iChildren

The American Academy of Pediatrics (AAP) has just announced new policy recommendations and resources related to children’s media use and screen time. The recommendations include the following:

  • Children younger than 18 months should not use screen media except for video-chatting. These guidelines are different from previously established guidelines recommending that children under 24 months avoid all screen media.
  • Children ages 18-24 months should only be exposed to high-quality, educational programming, such as content by Sesame Street and PBS KIDS. Media exposure for children this age should always be accompanied by an adult who can help them understand the content.
  • Children ages 2 to 5 years should be limited to an hour of screen time involving high-quality programs. Parents should also co-view media with children to help them understand what they are seeing and apply it to their own lives.
  • Children ages 6 and older should have clear limits about both the amount of media time and the type of media content they are allowed to use.
    Families should establish “media-free” times and locations, such as during dinner, driving, and in children’s bedrooms.
  • Regardless of children’s age, families should have regular conversations about online safety and etiquette.

It comes as no surprise to me that the key ingredient to the right media diet for our kids hinges on parental involvement. A parents’ role in managing the media diets of our children has never been greater because problems can begin when media use displaces physical activity, hands-on exploration and face-to-face social interaction in the real world. At our house, we have a pretty strict media rules. However, I need to work on ways to teach my children to use media in a more positive way.

If you have a children age zero to five years of age, you may want to check out the AAP policy statement which focuses on infants, toddlers and pre-school children called “Media and Young Minds”. If you have school aged children you can get more helpful information from the AAP policy statement “Media Use in School-Aged Children and Adolescents”.

In addition to these new media use guidelines, the AAP launched an online “Family Media Use Plan” tool that could help parents establish a healthy media diet that is appropriate to your family’s unique needs.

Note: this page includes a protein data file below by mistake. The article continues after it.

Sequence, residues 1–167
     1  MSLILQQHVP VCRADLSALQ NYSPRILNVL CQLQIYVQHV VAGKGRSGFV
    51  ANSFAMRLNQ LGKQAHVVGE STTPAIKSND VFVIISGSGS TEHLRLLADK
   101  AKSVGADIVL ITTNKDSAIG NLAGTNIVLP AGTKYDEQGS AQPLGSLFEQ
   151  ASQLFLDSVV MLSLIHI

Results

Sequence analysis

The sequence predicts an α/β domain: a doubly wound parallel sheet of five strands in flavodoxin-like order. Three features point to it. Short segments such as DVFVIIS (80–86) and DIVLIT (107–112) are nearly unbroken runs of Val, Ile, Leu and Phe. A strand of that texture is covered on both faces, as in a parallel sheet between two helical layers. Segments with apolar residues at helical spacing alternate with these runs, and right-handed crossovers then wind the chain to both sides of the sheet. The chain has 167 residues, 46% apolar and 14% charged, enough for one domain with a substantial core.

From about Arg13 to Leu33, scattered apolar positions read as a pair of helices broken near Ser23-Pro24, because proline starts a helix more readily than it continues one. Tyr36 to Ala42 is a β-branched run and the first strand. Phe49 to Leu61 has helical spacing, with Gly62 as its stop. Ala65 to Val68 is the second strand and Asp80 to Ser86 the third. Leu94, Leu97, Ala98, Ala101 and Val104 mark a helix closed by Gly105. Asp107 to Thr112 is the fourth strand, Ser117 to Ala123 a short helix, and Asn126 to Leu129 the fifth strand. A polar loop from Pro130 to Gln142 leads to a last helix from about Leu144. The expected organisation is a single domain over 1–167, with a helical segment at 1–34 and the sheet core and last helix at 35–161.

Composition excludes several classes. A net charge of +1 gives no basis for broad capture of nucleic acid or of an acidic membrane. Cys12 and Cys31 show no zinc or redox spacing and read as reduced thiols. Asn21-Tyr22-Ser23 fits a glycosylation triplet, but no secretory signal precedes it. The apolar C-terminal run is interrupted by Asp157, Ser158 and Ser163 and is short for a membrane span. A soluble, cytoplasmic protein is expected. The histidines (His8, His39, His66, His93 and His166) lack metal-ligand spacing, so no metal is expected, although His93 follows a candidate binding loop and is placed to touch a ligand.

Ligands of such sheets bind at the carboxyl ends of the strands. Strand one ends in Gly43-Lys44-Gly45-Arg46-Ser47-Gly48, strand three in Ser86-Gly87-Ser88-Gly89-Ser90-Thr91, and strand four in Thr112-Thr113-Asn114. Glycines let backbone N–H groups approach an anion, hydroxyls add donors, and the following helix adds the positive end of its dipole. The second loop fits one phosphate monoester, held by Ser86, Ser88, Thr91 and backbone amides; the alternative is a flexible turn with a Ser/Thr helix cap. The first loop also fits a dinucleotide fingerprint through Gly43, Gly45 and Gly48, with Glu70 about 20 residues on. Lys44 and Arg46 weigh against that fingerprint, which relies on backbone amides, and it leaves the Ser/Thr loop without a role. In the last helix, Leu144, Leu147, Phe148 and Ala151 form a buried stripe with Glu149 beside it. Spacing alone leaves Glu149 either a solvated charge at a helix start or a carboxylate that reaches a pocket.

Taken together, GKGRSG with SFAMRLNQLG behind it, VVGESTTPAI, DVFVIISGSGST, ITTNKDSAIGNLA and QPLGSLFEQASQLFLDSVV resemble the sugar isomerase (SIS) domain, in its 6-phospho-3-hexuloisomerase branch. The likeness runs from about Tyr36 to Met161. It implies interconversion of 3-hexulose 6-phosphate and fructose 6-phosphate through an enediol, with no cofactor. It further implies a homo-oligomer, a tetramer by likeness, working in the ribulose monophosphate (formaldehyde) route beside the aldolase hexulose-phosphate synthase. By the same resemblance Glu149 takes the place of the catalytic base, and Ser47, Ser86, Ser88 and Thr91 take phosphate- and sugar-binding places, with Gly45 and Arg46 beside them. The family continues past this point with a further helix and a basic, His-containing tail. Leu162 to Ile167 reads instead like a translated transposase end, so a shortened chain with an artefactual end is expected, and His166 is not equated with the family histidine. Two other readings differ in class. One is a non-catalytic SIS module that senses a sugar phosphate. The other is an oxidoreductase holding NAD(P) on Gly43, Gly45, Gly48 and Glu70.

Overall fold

Good luck parents, we all need it!

via ChildrenAndMediaMan

Parent-Friendly Kids Music (For Free!)

This weekend I downloaded this new, and free, children’s album For Kids By Kids: Songs From Iowa Rock City from the Iowa City Public Library. The entire family enjoyed listening to it.

For Kids and By Kids mixes moods and musical styles—from roots music, for which Iowa City is known, to punk, polka, folk, hip-hop, and synth-pop. It not only crosses musical genres, but also generations … Dozens of youths appear on For Kids and By Kids, and we hope that the many more who hear this album will be inspired to pick up an instrument, form their own bands, or do something else creative.

All of the songs are original, spanning all types of genres and moods. The lyrics are not condescending, gratingly repetitive, or infantile. I’m sure we’ll be breaking this one out for listens all summer.

Winter Weekends

Friday I worked a little late into the evening and spent a quiet evening at home. I watched How To Lose a Guy In Ten Days. It was cute, laughable, fodder to wind down my week. I can appreciate an occasional fun chick flick despite how generally contrived and predictable it was.

I was up (relatively) early on Saturday and headed up into the mountains for a day of skiing. I met up with A.P. and his wife and the two kids. We all ate an early lunch together and then went out to the carpet lift to play with the kids and teach them how to ski. The boy popped out before he even got his skis on but the girls were gung ho and couldn’t get enough. It was great getting a four-year old and a six-year old interested in the sport. Both me and A.P. agreed the whole secret to getting the youngsters started is just making sure they stay warm and are having fun. Most of the skills and athletics come later. At first you just have make sure they want to come back. Afterward me and A.P. went to take some turns on our own. We got about four additional hours skiing the ‘S’ lift at Copper Mountain. Traditionally, one of our favorite areas. It snowed most of the afternoon and this made for some good skiing but it also made traffic a bear. It took me two hours to get up to the mountain in the morning and three hours to get back. It was a long day.

I spent most of Sunday running errands, grocery shopping, watching TV, and reading. I was a pleasant weekend for a change.